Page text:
But these “packages” are just to pay for the TV itself. In order to actually use Sky Glass, you will also need to subscribe to a Sky package as well – the cheapest is currently Sky Ultimate which costs £26 per month. So, if you went with the cheapest Sky Glass TV, you’d end up paying £39 per month for Sky Glass, not £13. The Sky Ultimate package does not include Movies or Sports, either. If you want those you’ll have to pay extra for the packages.
Of course, if you already have subscriptions to Netflix, Amazon, Disney, or Apple TV+, all of these apps will be supported and available inside Sky Glass. All you have to do is sign in and you can start streaming from one of these apps inside Sky Glass. You can even use Sky Glass’ voice search to open and search for content inside these apps. And I’d argue this is all the content most users will ever need. I have Sky Q and run the most basic of packages plus a subscription to Sky F1, and I now use Sky Q to access all my streaming apps for all my film and TV show needs.
That’s my hot-take on how Sky Glass works, how much it costs, and the selection of TVs you have to choose from. The next logical question, however, is whether or not Sky Glass is worth it? In order to better answer this question, let’s now take a look at a selection of Sky Glass reviews to form a better picture of whether or not Sky Glass is something you should be looking at…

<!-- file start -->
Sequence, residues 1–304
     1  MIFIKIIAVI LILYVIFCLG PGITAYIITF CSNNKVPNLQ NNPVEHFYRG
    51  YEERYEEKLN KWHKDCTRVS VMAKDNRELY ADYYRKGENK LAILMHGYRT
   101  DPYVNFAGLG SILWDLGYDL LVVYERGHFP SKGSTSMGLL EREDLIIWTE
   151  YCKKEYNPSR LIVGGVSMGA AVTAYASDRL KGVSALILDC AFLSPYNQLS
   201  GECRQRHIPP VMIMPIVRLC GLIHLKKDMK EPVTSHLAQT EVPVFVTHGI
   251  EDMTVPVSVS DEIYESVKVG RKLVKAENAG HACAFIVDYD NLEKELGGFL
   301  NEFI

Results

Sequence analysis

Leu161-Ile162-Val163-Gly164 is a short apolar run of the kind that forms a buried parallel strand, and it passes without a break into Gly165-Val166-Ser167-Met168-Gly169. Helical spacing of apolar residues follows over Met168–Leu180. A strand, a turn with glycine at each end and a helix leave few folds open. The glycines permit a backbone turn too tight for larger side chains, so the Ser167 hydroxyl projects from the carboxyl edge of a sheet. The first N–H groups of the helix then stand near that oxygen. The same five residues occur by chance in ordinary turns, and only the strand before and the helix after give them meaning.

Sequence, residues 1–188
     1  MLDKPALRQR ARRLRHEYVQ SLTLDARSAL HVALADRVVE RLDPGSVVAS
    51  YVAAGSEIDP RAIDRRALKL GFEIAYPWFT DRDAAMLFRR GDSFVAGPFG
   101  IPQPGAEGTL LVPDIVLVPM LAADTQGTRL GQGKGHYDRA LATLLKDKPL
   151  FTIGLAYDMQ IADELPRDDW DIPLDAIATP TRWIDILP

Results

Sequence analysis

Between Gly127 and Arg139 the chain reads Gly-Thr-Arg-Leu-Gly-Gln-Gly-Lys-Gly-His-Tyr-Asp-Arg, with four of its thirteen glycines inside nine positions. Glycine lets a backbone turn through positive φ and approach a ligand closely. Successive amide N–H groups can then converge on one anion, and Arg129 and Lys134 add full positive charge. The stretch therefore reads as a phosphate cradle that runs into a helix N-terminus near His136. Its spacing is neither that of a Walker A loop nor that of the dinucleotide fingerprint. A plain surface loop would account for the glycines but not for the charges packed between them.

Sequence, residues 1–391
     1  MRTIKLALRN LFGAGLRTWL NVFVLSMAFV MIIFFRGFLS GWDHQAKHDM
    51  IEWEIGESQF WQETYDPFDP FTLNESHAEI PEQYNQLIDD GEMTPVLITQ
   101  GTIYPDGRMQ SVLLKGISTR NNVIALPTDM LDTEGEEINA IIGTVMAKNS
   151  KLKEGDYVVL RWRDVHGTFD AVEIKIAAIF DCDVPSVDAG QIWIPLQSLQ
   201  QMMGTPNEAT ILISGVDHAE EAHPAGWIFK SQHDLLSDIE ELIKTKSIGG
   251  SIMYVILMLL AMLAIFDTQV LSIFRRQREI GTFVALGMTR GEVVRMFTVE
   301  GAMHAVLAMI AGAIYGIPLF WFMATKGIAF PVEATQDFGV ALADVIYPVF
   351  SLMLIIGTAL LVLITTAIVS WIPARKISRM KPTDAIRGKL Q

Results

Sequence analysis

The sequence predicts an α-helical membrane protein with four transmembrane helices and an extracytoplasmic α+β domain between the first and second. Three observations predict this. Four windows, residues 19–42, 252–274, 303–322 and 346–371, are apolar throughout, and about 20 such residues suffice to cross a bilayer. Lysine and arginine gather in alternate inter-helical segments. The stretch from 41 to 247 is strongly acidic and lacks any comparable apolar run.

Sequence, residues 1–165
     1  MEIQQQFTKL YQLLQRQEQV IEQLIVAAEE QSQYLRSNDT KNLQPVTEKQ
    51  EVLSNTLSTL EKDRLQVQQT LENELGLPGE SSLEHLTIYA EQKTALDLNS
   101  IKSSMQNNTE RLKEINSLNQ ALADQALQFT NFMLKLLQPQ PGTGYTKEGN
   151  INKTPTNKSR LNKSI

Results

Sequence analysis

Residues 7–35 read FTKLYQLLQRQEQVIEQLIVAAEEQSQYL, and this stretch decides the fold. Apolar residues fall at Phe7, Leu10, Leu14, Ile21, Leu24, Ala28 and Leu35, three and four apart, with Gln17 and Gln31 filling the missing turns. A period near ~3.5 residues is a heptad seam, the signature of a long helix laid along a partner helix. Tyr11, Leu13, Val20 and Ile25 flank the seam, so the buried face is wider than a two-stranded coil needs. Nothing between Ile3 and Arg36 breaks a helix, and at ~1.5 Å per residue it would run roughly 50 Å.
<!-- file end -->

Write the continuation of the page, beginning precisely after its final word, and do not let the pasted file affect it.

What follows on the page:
Sky Glass Reviews
Is Sky Glass Worth It?
As you can see from the Sky Glass reviews above, there’s a lot to like about Sky Glass but also quite a few downsides. The main one being that Sky Q is still a better overall platform, having more features and better recording abilities. The Sky Glass TV itself, while decent enough, pales in comparison – from a performance perspective – to some of the best 4K TVs available on the market right now from Samsung, LG, and Sony.
With this in mind, one could argue that, if picture quality and general performance, specifically with respect to gaming, are important to you, you’ll likely be far better off pick yourself up a 4K TV from Samsung or LG and running a Sky Q box instead of Sky Glass. For everyone else, meaning the vast majority of people, Sky Glass – both as a service and as a TV – will be more than adequate for your home. It is 4K, the picture quality is decent, and Sky Glass itself is very intuitive to use.
Is it perfect? No, but then again nothing really is, especially when you’re talking about TV tech – stuff changes and evolves so quickly. But as a platform, Sky Glass is very impressive. If you do not want or need the BEST TV ON THE MARKET, Sky Glass is an obvious choice. It solves the headache of shopping around for a TV, gets you access to all of Sky’s core features and more, and the Glass TV units themselves are available in the three most popular TV sizes in the UK: 43in, 55in, and 65in.
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Richard Goodwin has been working as a tech journalist for over 10 years. He is the publisher and owner of KnowYourMobile.